Our insurance company gave us a cash payout for the damaged fencing and paths at the property, based on a like for like rebuild. We decided to replace the old block fence with a timber one, and used the rest of the money for new (better quality) paths and other landscaping. Once complete, I reckon the timber fence provided a similar level of sound reduction as the old block fence, but for a fraction of the cost.

    When we took the house to market in November 2016, it was clear that anyone with any sort of aversion to road noise was never going to make an offer whether there was a block fence or not. Houses on main roads take longer to sell - Ours took about 4 months, and this was when the market in Christchurch was still quite buoyant. It didn't help that about 10 years ago, the council/NTZA bestowed upon us the joyous gift of yellow no stopping lines the entire length of our block - on both sides of the road.

    There are two types of buyers - those who are prepared to live on a main road, and those who are not. I don't think the type of fence makes any difference for noise, although aesthetically some people may prefer the block wall over timber, and vice versa. But I think as long as the fence provides the high degree of privacy needed on a main road, the type really doesn't mater that much.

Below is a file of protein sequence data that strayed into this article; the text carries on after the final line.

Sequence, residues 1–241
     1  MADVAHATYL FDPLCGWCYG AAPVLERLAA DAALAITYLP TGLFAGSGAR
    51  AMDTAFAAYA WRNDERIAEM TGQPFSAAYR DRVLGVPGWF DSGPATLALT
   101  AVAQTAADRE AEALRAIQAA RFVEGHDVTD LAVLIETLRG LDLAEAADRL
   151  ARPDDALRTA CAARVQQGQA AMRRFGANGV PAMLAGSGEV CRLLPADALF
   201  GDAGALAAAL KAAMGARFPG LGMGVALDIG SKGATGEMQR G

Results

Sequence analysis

You can make a timber fence look pretty grand too by the way - it doesn't have to be a plain overlapping rough-sawn paling sort of job. We went for machine finished grooved shiplap palings which were only slightly more costly than the crap rough sawn stuff. Believe me I have seen plenty of grandiose timber fences being built in Christchurch in the last couple of years. People are steering away from concrete block fences here in case there is another earthquake - yes they are strong, but now that natural disaster insurance excesses are so high for fences and paths ($5000+), people are steering clear of them and going for timber instead.

  6. #6

    Default

    SimonW makes some good points.
    You can also get timber fences designed to reduce noise - this usually involves having minimal gaps in the fence, a certain height and are usually designed to have uneven surfaces, i.e. battens on top of ply etc. I'm not sure how effective they are, but they are usually specified when there is a commercial building built next to residential areas, i.e. next to McDonalds drivethrus.

  7. #7

    Default

    Quote Originally Posted by jimO View Post
    timber and plant a row of trees behind it
    I'm with this suggestion. The trees will probably reduce the noise factor more than the brick wall and should add some better aesthetics to your property at the same time.

  8. #8
    Join Date
    Sep 2008
    Location
    Tauranga
    Posts
    1,518

    Default

    spend the extra money on double glazing and some baffle panels in the garden or on the wall. sound jumps the fence and you need something soft to absorb the sound. Carpet is good.